The perennial call for public sector reform has not slackened. The pain of austerity measures and the pressures for increased efficiency heighten that call.  And, the hype around “smart cities” amps up the pressure for municipal leaders faced with decisions about which problems to attack first, and which tools are most appropriate.  But most organizations are not starting from a clean slate. That’s exactly the issue. In most cases we’re talking about reform, about doing things differently, not starting from scratch. 

When we asked government leaders what their top priorities are, improving the customer experience comes in on top: 68% report the customer experience is either a high or critical priority.  But reducing costs is right up there with it. That’s the age-old do-more-with-less mantra.  And, from a technology perspective their top priority is to upgrade or replace legacy systems, which might not sound like the wiz bang “smart” technology we’ve been hearing so much about.  But it’s likely the smartest thing these governments can do; and when they do, they should do it together. 

That always reminds me of the drought inspired message of the 1930s: Save Water Bathe with a Friend.  My great aunt had that poster up in the bathroom of her cabin in Vermont, and that practical message has stuck with me ever since.  It’s the idea of sharing and using scarce resources more efficiently.  But there is much more to it than that… maybe that’s why it’s stuck with me all these years.  It’s about doing it better, and improving the outcomes… OK, I won’t develop the analogy any further…

That’s what shared services in government are about these days.  Yes, there is an efficiency argument, and cost savings. But as the recent Forrester report on the subject demonstrates, it goes beyond cost.   It really is about doing more with less.  The report, Beyond Cost: Achieve Better Government Outcomes Through Shared Services – tells the story about how the shift to a Business Technology agenda – accelerated by the Age of the Customer Citizen – drives shared services in government.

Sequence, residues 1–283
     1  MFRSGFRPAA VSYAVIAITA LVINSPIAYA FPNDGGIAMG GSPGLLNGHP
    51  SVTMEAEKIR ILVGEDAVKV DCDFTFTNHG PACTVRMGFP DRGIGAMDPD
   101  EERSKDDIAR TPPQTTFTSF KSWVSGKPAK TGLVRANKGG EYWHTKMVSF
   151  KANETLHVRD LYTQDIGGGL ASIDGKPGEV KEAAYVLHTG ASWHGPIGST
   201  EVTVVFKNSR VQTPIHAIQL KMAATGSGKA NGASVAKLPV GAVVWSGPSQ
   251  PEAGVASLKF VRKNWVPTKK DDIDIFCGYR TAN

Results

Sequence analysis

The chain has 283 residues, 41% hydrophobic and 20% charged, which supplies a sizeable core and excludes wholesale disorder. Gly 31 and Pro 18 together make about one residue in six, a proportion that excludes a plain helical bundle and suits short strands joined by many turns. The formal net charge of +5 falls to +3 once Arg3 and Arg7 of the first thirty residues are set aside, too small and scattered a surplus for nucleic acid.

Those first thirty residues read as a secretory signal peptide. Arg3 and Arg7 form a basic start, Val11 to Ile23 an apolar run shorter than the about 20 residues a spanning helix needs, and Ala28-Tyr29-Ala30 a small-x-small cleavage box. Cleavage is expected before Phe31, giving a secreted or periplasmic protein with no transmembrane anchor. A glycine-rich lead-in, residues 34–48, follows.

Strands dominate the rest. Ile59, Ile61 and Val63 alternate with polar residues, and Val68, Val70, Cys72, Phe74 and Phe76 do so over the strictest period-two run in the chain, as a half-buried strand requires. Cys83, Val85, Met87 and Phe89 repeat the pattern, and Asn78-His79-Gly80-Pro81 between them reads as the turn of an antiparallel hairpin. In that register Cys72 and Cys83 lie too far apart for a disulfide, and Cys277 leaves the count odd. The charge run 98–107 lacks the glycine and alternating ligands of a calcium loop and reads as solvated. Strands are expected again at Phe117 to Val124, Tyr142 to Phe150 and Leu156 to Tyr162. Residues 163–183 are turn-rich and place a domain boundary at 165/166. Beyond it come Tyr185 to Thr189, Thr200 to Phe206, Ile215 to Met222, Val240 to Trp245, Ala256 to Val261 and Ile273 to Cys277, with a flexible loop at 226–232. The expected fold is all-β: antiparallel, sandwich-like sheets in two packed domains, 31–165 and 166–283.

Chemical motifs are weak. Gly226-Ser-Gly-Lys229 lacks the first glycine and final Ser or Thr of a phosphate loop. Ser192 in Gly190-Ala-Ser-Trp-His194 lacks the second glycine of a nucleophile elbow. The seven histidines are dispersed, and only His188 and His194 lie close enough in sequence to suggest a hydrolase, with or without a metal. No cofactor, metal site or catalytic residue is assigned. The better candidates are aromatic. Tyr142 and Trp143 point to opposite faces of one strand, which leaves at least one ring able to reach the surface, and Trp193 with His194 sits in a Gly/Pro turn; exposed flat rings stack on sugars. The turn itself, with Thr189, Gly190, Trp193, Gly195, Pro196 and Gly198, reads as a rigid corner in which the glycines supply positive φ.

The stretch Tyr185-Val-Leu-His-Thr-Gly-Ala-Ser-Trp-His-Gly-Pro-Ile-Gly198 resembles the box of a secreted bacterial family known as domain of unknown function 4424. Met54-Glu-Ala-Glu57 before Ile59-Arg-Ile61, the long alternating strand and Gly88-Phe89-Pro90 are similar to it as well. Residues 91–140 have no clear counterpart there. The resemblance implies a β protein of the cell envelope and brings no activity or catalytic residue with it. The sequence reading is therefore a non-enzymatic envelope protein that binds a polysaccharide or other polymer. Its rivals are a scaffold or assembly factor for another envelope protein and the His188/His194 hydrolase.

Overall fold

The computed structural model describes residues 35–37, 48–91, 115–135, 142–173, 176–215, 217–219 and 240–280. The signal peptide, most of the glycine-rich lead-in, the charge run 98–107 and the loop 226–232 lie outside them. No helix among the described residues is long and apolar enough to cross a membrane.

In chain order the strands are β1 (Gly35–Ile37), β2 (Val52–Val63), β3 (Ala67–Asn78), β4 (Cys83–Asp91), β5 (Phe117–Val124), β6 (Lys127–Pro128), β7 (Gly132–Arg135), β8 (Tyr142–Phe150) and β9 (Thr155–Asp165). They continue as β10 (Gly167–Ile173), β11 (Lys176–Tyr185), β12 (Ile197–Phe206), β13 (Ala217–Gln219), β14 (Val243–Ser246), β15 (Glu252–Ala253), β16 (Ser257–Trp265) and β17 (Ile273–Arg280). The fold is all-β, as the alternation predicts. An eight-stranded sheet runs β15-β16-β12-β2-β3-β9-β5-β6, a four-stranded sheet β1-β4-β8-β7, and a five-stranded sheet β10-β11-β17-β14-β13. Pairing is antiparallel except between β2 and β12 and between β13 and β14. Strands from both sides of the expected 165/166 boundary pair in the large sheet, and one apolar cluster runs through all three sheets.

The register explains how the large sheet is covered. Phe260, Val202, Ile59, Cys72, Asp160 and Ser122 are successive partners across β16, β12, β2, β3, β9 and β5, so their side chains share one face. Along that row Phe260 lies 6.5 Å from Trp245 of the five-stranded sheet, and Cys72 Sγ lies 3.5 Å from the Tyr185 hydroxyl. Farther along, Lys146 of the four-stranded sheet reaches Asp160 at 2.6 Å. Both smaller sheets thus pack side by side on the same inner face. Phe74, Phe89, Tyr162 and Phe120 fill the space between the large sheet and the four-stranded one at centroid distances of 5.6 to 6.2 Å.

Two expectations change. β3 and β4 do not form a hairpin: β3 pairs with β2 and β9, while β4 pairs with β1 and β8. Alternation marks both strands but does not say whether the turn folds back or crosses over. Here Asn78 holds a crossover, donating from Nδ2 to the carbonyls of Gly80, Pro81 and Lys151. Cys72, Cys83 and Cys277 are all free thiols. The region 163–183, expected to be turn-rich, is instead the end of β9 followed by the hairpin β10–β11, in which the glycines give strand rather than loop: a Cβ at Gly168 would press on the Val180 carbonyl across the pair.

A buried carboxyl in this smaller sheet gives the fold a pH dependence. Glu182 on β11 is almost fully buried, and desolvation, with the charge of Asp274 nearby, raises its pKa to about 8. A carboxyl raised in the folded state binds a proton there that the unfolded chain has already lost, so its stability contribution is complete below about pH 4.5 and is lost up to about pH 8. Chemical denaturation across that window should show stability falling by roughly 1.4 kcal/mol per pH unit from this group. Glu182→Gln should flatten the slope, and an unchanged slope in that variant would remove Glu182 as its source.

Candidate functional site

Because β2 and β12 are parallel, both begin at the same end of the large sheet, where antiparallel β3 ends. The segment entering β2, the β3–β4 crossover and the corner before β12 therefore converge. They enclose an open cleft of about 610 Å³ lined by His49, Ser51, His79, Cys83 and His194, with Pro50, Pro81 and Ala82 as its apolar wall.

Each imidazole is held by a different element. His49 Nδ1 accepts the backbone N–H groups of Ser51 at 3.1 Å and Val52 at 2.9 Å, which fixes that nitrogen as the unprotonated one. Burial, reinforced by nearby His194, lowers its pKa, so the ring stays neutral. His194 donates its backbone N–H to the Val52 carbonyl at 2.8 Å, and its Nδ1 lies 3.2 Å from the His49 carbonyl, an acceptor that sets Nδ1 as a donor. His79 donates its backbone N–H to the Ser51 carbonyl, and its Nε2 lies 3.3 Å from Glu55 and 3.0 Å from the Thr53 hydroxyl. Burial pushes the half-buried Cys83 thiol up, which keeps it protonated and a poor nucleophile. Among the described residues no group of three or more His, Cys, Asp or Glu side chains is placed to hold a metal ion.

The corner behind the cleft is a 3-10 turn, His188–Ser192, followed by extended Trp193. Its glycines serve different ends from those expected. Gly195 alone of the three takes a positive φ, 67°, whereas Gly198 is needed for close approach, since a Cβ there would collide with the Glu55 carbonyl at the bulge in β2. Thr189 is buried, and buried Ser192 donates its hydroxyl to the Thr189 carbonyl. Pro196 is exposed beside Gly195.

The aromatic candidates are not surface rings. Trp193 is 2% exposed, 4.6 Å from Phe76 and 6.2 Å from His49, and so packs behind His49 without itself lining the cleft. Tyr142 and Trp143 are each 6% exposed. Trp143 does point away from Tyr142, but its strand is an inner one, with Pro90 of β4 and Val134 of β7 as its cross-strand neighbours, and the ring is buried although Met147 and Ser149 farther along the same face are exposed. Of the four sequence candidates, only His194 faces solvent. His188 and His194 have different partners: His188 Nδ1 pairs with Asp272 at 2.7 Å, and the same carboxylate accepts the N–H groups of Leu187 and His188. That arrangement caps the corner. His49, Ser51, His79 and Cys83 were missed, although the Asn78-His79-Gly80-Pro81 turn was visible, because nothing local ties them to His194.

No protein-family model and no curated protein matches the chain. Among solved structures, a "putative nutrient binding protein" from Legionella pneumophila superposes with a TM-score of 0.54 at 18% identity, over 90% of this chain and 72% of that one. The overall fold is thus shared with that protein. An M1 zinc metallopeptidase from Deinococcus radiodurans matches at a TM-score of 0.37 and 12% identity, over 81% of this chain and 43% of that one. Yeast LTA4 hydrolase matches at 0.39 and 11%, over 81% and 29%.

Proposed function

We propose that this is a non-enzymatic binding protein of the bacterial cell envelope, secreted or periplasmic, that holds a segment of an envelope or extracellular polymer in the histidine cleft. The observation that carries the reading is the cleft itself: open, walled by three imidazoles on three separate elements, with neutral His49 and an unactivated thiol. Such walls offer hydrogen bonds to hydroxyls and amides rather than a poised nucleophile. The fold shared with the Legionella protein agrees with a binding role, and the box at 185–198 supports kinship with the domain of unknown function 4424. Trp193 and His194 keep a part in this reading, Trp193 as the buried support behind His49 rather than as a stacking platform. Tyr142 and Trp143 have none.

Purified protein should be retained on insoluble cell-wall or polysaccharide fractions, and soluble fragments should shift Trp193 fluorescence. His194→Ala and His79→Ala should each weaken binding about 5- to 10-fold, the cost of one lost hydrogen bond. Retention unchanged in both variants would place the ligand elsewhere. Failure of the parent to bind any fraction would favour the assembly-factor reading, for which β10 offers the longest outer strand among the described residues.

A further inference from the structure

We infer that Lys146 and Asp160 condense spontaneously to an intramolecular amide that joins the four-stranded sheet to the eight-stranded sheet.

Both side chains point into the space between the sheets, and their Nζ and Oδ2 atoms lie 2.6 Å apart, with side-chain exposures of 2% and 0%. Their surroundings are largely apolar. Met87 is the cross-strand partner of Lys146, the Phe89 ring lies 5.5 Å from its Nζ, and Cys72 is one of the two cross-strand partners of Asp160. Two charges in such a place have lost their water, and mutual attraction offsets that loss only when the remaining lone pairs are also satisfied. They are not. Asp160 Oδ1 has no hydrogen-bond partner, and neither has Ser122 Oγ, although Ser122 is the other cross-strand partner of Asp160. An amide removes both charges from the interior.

Cost may have been the driver for early sharing efforts, but advantages go well beyond saving money. Sharing infrastructure and applications facilitates collaboration through standard processes and data formats. Benefits-led programs are more sustainable than those that derive their value from cost savings alone. In the age of the citizen, it's these benefits that will drive further collaboration and sharing across governments.

Here are a few examples discussed in the report:

  • Integrated contact centers facilitate access to information and services . . .
  • . . . and provide city leaders with better insights into citizens' needs.
  • Shared business applications increases visibility — and efficiency — across organizations.
  • Integrated customer information improves case management.
  • Common asset management facilitates coordinated maintenance.
  • Shared mission-critical technologies improve service delivery.
  • Open government and data sharing platforms lower costs, facilitate transparency, . . .
  • . . . and make it a lot easier to create apps that scale.
  • Enhancements on a shared platform are shared. 

Take a look at the report, Beyond Cost: Achieve Better Government Outcomes Through Shared Services, and please share your stories about the business benefits of shared technology services in the comments here.